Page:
Acting Labour leader Harriet Harman has said there was a "great deal of concern" over the appointment of former News of the World editor Andy Coulson as Downing Street's communications chief.
In a direct attack on David Cameron she said the Prime Minister's decision to appoint Mr Coulson "at the heart of Downing Street" was a reflection on his judgment.
Claims that MPs' phones were targeted are set to be investigated by the powerful Commons Standards and Privileges Committee, which Ms Harman said was an indication of the strength of feeling about the issue in the House.
Ms Harman told BBC1's Andrew Marr Show: "Last Thursday, without a vote because nobody opposed it, the House of Commons agreed to refer the question of phone hacking of MPs' phones and intercepting their phones to the Standards and Privileges Committee.
"If you saw what was said last Thursday it was Conservatives, Nadine Dorries and Nicholas Soames, it was Lib Dems like Simon Hughes as well as Labour people protesting.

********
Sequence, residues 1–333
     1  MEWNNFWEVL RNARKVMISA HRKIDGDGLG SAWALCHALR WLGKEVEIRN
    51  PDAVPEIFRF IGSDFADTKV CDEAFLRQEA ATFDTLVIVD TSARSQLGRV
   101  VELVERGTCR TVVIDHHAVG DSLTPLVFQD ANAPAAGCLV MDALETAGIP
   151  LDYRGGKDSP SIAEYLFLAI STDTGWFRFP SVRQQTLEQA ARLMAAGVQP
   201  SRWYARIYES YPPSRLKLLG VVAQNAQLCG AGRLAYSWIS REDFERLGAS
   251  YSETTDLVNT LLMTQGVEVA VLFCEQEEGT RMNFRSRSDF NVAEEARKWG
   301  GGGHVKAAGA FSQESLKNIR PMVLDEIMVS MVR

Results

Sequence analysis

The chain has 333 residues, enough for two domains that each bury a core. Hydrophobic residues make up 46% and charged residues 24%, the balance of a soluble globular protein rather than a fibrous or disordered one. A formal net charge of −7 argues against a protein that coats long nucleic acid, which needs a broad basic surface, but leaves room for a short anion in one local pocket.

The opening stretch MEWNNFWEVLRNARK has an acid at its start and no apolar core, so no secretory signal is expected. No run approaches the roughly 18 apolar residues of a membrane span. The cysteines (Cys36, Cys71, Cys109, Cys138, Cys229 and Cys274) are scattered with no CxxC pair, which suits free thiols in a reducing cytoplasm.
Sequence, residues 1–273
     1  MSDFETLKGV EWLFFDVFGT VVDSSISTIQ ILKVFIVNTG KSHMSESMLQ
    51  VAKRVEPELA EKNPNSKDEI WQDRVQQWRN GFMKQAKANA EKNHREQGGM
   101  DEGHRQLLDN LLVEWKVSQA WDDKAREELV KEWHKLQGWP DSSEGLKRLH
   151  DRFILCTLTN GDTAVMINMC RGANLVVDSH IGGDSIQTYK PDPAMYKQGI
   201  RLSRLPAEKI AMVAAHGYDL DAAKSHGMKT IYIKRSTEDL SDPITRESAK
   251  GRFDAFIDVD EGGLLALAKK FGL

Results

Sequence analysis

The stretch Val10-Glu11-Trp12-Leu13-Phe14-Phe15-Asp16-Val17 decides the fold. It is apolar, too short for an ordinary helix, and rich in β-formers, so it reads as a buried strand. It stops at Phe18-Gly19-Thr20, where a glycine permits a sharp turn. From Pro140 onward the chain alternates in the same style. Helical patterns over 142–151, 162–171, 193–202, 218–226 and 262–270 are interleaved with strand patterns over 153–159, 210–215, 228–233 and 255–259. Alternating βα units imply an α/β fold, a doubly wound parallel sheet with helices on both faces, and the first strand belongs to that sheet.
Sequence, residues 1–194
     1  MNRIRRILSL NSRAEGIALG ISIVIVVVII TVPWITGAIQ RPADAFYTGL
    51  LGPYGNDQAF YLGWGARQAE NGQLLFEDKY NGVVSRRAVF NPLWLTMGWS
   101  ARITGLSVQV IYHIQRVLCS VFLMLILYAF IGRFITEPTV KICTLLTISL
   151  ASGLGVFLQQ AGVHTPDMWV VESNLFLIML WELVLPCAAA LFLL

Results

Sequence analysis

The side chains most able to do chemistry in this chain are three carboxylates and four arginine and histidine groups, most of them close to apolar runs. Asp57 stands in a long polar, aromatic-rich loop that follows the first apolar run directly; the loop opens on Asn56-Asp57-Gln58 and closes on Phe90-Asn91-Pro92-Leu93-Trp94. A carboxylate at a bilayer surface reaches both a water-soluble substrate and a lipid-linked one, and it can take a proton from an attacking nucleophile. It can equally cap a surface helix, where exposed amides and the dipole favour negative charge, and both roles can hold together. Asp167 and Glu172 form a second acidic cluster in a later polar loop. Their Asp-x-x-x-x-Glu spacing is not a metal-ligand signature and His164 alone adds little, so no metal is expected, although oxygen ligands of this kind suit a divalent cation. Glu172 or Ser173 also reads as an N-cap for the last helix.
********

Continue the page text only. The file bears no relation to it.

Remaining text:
"I think the fact that Andy Coulson is director of communications chosen by the Prime Minister is a reflection on David Cameron's judgment."
She added: "I think that there is a great deal of concern that at a time when obviously, and the Information Commissioner said this, that interception of phones of MPs was rife, that the Prime Minister chose a Fleet Street editor whose paper was involved in this, to put him at the heart of Downing Street."
In 2007, ex-News of the World royal editor Clive Goodman and private investigator Glenn Mulcaire were jailed for intercepting voicemail messages left for public figures.
The row has been reignited after a former reporter claimed Mr Coulson - editor of the Sunday paper at the time - was aware such eavesdropping was happening.
Mr Coulson, who resigned as editor in the wake of the court case, has repeatedly denied the allegation and Downing Street insists he retains the Prime Minister's confidence.